Ricky Rubio acknowledges this much: He thinks of his mother before every game he plays.

Tona Vives died in 2016 from lung cancer, rocking the Jazz point guard’s world and making him re-examine his career, his life and his impact in the world. To this day, he tries to keep her memory fresh with a pregame ritual.

“I keep it personal,” he recently told the Tribune. “But I do.”

That particular routine remains between Rubio and his mother. But he does honor her in a very public way as well, in his continuing fight to fund cancer research.

The 27-year-old point guard has only been in Utah for a few months, but he’s already made a strong impression with his robust charity efforts in state borders and beyond. He’s volunteered his time at events to speak at cancer charity events, bought tickets for families afflicted with the disease and given a lot of money to fund research.

The latest donation came in the form of an oversize check to the 5 For the Fight Foundation, which is a nonprofit partner of the Jazz. In the halls of the Huntsman Cancer Institute last Friday, Rubio handed over $20,000 for lung cancer research, and the donation was matched by Layton Construction for 40,000 cancer-fighting dollars given in a single day.

“I’m trying to give back to the community, to the people who really need that,” he said. “I’m in a privileged spot. I gotta use that. With money, by spreading the word to everybody. It’s not an easy world. We are here together to fight together.”

If those words sound cliche, they aren’t meant to be. It’s an extremely personal cause to Rubio.

As much as handing over the check meant to him, it was even more emotional to walk through the patient rooms at the institute and meet people in the trenches of that fight. He handed out his own personal brand knit caps to children that afternoon on his day off, giving many of them a way to keep warm after chemo treatments had caused their hair to fall out.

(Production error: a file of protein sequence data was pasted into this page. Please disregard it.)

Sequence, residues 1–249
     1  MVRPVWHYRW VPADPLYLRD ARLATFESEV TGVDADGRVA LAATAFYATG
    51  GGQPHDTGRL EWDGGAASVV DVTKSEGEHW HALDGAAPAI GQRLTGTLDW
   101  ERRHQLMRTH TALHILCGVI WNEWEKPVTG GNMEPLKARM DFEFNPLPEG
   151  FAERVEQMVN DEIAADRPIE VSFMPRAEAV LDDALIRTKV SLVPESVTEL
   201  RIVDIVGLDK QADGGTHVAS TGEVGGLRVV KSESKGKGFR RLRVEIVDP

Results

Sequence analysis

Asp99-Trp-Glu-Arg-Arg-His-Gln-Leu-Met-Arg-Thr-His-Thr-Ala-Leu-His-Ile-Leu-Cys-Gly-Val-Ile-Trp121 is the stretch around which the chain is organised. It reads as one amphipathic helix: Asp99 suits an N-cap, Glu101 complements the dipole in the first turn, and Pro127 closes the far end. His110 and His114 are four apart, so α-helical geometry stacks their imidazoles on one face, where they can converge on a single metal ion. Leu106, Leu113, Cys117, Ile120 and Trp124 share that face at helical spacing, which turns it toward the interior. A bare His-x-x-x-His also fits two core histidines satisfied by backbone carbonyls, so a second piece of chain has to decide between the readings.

With him was his father, Esteve Rubio, visiting for the holidays from Spain. It wasn’t an easy exercise for him, and it drew up memories of long, wearisome hospital stays when Tona was sick. In Barcelona and then Minneapolis, she battled through rounds of treatment.

Ricky has told multiple media outlets that road trips with the Minnesota Timberwolves used to rack him with guilt — he often felt that he should’ve dropped his basketball commitments to spend time with his mother, who died shortly after the 2015-16 season. Being in hospitals now, with his father, help him feel like he still is fighting even though his mother is gone.

“He needed to see we’re doing it for her,” Rubio said. “It’s something that I’m really proud of to do it, having that special day to go to the hospital with him. We’re just going to keep doing good for the community.”

What’s striking to Rubio about what happened to his mother is that she seemingly had so few risks. She wasn’t a smoker, but lung cancer attacked her regardless. Rubio has also had two grandparents die from cancer when he was young, and former Timberwolves coach Flip Saunders died from Hodgkin’s lymphoma in 2015, only months before his mom.

That’s why Rubio isn’t only about funding cancer research with his wallet but getting out the word for people to get checkups. Shortly after he was traded to the Jazz, he learned that the team had partnered with 5 For the Fight for the season — which he called “like a sign from above” that he would be able to keep spreading his message.

“You learn a lot when you go through that,” he said. “Putting awareness to everybody before it happens — if I can just save one life, that’s enough. It’s about having the right resources for people to find out ahead of time.”

While Rubio has met with some struggles on court, it’s hard to argue that he’s using his time unwisely: He’s already met hundreds of cancer patients, many of them children. By the end of the season, he hopes to donate $150,000 to fund cancer research and awareness.

There’s some parts of that fight that Rubio keeps private and sacred. But he’s never too busy to help someone else in their own journey.

“All of them are fighters and are true heroes,” he said of meeting patients. “Every family, every kid, everybody has their own unique way to fight.”